How Often to Clean Throttle Body?

A clean throttle body is essential to the operation of your vehicle, as it’s a part of your engine’s air intake system. If your vehicle’s throttle body is dirty or corroded with carbon deposits, enough air will not be able to get to the engine, which will affect its performance and cost you hundreds of dollars to repair. So, we made this easy guide on when you should clean your throttle body and problems to spot after cleaning.

How often to clean the throttle body

On average, you should clean your vehicles’ throttle body every 75,000 miles or 120,000 kilometers. But this number is standard across the industry. The actual number of miles between cleanings varies greatly, depending on the age of the vehicle, its make, accident history, and damage, etc. Depending on the kind of vehicle you have, you may be able to drive it farther before cleaning the throttle body.

There are two other ways to know if you should clean your throttle body: by checking the manufacturer recommendations or maintenance guide for the model of your vehicle or by detecting issues with your vehicle’s airflow with an oxygen sensor.

Other Standard Rules

75,000 miles is the most common mileage, but it is not the only rule. For certain cars, especially ones that don’t travel far, their throttle body will never need service or cleaning. 

Some trucks, especially gas-guzzling ones, may require throttle maintenance every 30,000 miles. Smaller vehicles and hybrid electric cars can wait until the 100,000-mile mark.

Manufacturer’s Guide

Every vehicle has a manufacturer-created maintenance guide designed to educate the owner on how to maintain the vehicle and keep it running smoothly for as long as possible. 

The cleaning instructions for the throttle body should be in the manual as well. If the manual does not have it or you don’t have the manual at all, you can send an email to the manufacturer, 

Oxygen sensor

The other way to determine if you need to clean the throttle body is by checking wear and tear and monitoring the oxygen sensor. The oxygen sensor in every vehicle lets you know much usable oxygen is still in the engine’s system and is available to burn for fuel.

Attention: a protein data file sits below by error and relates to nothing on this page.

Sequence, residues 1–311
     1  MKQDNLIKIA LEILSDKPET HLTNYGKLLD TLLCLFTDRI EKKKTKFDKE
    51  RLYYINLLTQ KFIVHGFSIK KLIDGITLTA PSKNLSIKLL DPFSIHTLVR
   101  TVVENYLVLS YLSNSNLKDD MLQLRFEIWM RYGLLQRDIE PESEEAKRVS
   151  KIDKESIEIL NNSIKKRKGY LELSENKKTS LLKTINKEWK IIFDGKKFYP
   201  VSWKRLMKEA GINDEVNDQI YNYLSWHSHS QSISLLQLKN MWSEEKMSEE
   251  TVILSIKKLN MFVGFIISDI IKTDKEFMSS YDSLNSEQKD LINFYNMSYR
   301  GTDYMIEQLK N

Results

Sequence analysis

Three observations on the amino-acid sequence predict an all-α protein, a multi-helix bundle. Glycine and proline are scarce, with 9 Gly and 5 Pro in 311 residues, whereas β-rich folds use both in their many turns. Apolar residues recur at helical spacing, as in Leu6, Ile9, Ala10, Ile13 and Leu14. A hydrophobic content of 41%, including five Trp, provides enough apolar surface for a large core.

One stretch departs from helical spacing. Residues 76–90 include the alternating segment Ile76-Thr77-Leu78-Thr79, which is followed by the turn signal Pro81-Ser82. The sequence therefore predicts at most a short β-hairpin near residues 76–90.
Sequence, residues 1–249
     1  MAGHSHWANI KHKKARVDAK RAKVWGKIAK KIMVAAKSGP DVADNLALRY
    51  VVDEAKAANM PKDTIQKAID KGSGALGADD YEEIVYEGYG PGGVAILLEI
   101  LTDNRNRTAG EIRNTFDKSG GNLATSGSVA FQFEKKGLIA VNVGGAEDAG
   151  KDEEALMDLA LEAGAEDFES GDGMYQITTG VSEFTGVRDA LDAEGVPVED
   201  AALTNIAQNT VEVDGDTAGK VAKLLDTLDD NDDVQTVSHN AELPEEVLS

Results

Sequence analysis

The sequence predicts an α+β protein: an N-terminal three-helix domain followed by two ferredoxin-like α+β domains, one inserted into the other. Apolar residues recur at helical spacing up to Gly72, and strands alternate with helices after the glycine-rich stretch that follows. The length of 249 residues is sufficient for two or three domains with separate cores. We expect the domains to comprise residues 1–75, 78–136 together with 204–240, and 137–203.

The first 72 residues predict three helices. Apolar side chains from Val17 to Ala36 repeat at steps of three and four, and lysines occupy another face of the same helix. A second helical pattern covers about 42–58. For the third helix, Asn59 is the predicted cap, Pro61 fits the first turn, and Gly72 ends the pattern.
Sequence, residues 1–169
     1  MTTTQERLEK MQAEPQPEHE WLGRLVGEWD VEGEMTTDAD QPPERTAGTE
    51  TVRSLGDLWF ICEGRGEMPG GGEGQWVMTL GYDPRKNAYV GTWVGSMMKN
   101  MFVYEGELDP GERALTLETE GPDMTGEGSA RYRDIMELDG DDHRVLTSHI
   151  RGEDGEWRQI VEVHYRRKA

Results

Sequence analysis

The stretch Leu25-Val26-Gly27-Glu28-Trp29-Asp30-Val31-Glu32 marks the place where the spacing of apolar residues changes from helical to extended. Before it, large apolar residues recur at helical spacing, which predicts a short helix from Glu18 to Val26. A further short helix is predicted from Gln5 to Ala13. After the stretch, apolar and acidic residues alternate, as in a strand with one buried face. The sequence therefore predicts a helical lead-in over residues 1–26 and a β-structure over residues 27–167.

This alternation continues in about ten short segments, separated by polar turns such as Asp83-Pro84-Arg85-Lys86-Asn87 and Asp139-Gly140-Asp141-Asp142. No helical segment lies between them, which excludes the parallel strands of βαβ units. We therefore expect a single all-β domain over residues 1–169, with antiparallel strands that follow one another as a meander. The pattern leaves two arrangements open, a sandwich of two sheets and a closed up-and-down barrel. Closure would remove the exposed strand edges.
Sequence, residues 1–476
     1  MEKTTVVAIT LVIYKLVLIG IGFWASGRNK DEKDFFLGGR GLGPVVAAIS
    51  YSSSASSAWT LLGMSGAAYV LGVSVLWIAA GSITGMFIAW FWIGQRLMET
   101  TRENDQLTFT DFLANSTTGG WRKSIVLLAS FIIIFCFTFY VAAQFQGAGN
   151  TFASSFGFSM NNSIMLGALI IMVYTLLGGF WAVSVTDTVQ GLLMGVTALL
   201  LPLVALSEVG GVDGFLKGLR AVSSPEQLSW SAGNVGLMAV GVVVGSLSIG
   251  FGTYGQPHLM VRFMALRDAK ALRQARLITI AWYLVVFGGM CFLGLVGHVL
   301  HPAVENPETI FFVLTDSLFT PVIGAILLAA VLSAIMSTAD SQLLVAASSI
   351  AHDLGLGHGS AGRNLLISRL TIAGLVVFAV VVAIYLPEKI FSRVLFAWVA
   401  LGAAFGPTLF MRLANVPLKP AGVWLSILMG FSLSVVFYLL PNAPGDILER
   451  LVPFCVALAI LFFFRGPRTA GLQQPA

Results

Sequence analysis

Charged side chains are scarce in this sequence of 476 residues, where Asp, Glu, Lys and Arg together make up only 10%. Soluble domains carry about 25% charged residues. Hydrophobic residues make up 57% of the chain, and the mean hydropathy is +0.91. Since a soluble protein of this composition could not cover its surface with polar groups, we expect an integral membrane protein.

If there is not enough air reaching the engine, the sensor will activate the check engine light. Once you take your vehicle to a mechanic, they can use the vehicle’s diagnostic system to learn about the airflow problem.

How much does it cost to get the throttle body cleaned?

For many types of vehicles, cleaning the throttle body is not a cheap service. On average, the cost of throttle cleaning can be anywhere from $100 to $300, depending on how easy or difficult it is to reach and remove the throttle. 

If your mechanic has the tools to clean your vehicle’s throttle without removing it from the engine, then the price could be much less.

But if you waited too long to get your vehicle serviced and your throttle needs to be replaced, then the price could rise to over $500. So, the price of replacement maybe doubles the price of cleaning. 

Throttle cleaning might be included in tune-up service

However, if you are in need of a tune-up, then it would be a great chance to also have your throttle body cleaned. Most places offer throttle cleaning as part of a routine tune-up service.

If your mechanic does not clean the throttle during a routine tune-up, it may be time to call around to other mechanic shops and see if anyone else is offering the service. 

Problems after cleaning the throttle body

So now that your throttle body is squeaky clean, your vehicle should run smoothly and not need any more maintenance. Well, this would be true if the throttle body is the only issue in your vehicle’s system that controls airflow.

If you still have issues with your vehicle after getting the throttle body clean, unfortunately, that means you have to go back to the mechanic. There is a whole range of issues your engine could experience so you have to monitor any symptoms and changes that appeared before and after the cleaning.

So here is a list of the most common issues to watch for after throttle cleaning to know if you have more problems to deal with in your vehicle’s engine.

Car requires more power than usual to accelerate from a full stop

When there is not enough or too much air in the combustion chamber of the engine, the air/fuel mix will be off and cause bad engine performance, especially when accelerating.

If you have already cleaned your car’s throttle, then the issue could be from a vacuum leak. 

Loud noises while your car is on but in idle

If you notice a loud rumbling noise while your truck or car is stopped at a stoplight, it may not mean that there is a brand-new problem.

Remember, as carbon and grime build up around the throttle body, there is less room for air to flow. So, less air will flow into the engine and your vehicle’s sensor will detect that reduction and adjust the fuel and combustion. 

Now that there is no carbon build-up, air flows freely and the sensors have to readjust to the improved airflow. This is known as ECU adaptation. If this is the issue, then allow your car some time to adjust or reset your airflow sensors. 

Air Sensor still forcing check engine light

If your vehicle sensor system is still signaling that there is an issue with your throttle, even after getting it cleaned, then the issue must now be with the sensor itself.

Sensors can malfunction and need replacement just like any other part. The average cost of replacing an air sensor is around $240 to $350 if you take it to a mechanic. 

But if you have the skills to do it yourself or your friend who is good with cars owes you a favor, then you will only have to buy the sensor replacement. A new air sensor costs around $150. But in foreign vehicles, sensors by themselves can cost up to $400.